went I found more and more mults.  Even still, it is amazing to see the =
scores on the 3830 reflector and realize how much stuff I missed!

Conditions to northern Eu were very good on 80 and 160.  I have never =
worked so many OZ, LA, OH and SM stations!

At 0830, I finally found a good frequency to call CQ on 40m (7007).  In =
the midst of the Europeans I was called by a weak and very fluttery =
VS6BG.  A few minutes later I found JA1YXP with a very good signal. =20

The 09Z hour was very slow, but filled with lots of multipliers.  Even =
at 10Z, the Eu big guns were still coming through on 40m.  RZ9UA/0 in =
zone 18 was extremely loud (as he was all weekend!).  At 1024Z I heard =
what sounded like a JA calling CQ on 80m.  I dropped my call in just for =
grins and was amazed to have him come back with the complete call =
immediately.  I had to ask JK1OPL for his call 3 times so he was hearing =
lots better than I was.  That is the earliest and easiest I have worked =
JA on 80.  That gave me a needed shot of addrenalin.

At 1040Z the Europeans started to come through on 20.  I called a few of =
them but most were beaming east and couldn't hear me.  I was surprised =
to catch VK9NS on 80m at 1055Z.  To celebrate, I stood up for the first =
time and made a 10 minute potty and food break.  I came back to find =
N5OLS/KH8 and TX8FU on 40m for new ones.

At 1115Z I got to 20m to start the morning's business.  I got one of my =
favorite spots, 14026, and the rate was immediate.  I worked 272 QSOs in =
just 94 minutes!  All during the run, the receiver sounded intermittent. =
 It was annoying, but the signals were loud enough that I could still =
copy even when it cut out.  I finally decided something had failed in =
the 20m stack as I had not noticed the problem before.

At 1254Z I moved up 7 Mhz exactly from 14026 to 21026.  The rate was =
stayed in the incredible range with 273 contacts in 118 minutes.  The =
receiver was still cutting out and it was driving me crazy.  I took a =
few minutes to try and solve the problem by wiggling coaxes and removing =
the watt meter from the line but it quickly returned.

Just as happened in the phone contest, the rate went from high to low in =
just a short period.  It seems that I have a 15m band opening only =
antenna.  The rate slowed so much that I went back to 20m at 1520Z to =
get something going.  It was almost impossible to find a frequency to CQ =
on.  The fluttery backscatter signals were all very wide making it even =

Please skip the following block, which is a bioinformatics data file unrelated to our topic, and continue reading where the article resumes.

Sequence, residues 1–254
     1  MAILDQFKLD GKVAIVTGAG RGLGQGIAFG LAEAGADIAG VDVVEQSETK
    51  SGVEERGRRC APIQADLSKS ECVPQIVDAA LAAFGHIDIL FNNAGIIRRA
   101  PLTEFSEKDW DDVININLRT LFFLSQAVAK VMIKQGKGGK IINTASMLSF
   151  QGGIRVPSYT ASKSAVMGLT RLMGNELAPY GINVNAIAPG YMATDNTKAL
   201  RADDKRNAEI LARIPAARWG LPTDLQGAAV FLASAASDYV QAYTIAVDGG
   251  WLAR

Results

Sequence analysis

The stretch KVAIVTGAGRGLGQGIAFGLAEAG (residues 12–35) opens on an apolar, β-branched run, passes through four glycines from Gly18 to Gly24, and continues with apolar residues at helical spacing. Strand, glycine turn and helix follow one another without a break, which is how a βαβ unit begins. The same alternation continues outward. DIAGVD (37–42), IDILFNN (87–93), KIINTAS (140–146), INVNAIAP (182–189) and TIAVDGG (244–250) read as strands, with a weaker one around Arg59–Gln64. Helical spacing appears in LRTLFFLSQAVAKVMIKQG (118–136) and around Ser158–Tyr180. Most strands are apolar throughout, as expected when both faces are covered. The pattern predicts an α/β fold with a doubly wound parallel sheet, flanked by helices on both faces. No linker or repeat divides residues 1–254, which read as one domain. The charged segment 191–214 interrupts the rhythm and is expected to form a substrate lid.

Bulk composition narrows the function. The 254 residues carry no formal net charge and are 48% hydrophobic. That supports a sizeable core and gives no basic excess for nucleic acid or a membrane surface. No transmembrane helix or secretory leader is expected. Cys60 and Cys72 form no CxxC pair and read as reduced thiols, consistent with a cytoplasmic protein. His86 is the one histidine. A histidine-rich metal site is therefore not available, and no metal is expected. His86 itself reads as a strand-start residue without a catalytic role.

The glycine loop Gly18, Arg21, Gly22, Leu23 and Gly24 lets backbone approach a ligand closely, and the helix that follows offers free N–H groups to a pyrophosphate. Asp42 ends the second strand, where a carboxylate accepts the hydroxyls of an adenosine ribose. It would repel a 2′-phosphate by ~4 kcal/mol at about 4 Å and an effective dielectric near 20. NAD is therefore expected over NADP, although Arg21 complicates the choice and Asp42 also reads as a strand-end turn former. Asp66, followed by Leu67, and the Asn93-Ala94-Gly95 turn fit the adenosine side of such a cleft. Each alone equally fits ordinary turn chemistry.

more difficult to squeeze in.  I finally found a crack at 14037 and =
stayed there from 1526 until 1803Z.  I caught a few multipliers on 15m =
using the second rig.

During this run I had continued to try to figure out the receive =
problem.  I finally realized that the amp relay had to be the problem.  =
At one point during the night, while listening on the Beverage, I had =
transmitted into an open relay position.  This probably burned the relay =
contacts.  It took only minutes to pop the cover of the Alpha 76 and =
buff the contacts with some sand paper.  Problem solved!  That's the =
first in-contest equipment failure here in a long time (knock on wood).

At 1809Z I decided I had better check 10m.  First signal heard was W6NL =
for a zone 3 multiplier.  K1KI was next and that was it.  No other =
signals on the band!

Since I had spent so much time on 20m, I knew I really needed to hit 15 =
before it closed.  It was almost too late for Europe, but there was =
still plenty of multipliers ranging from EA6IB to ZD8DEZ to AH8N to HC8N =
to D44BC.=20

At 1910Z I went back to 10m and caught P40W, a very weak 3E1DX, and some =
LUs.  That was it for 10m on Saturday.

I got 14003 and started a small run.  Looking at the previous year's =
rate sheets, it looked like 40m was where I should be so I moved on =
down.  At 1924Z I captured 7013.  This was home for the next 2 hours and =
140 QSOs.  Best call in was TF50IRA for a nice double!  The second radio =
was active on 20 catching goodies like 9U5DX and 3C5A.  OX3SA called in =
a bit later to complete the zone 40 'run'.

At 2215Z, I realized that 20m was open to JA.  Since the rate on 40 was =
going down, I decided to give it a try.  This is the one place my K5 =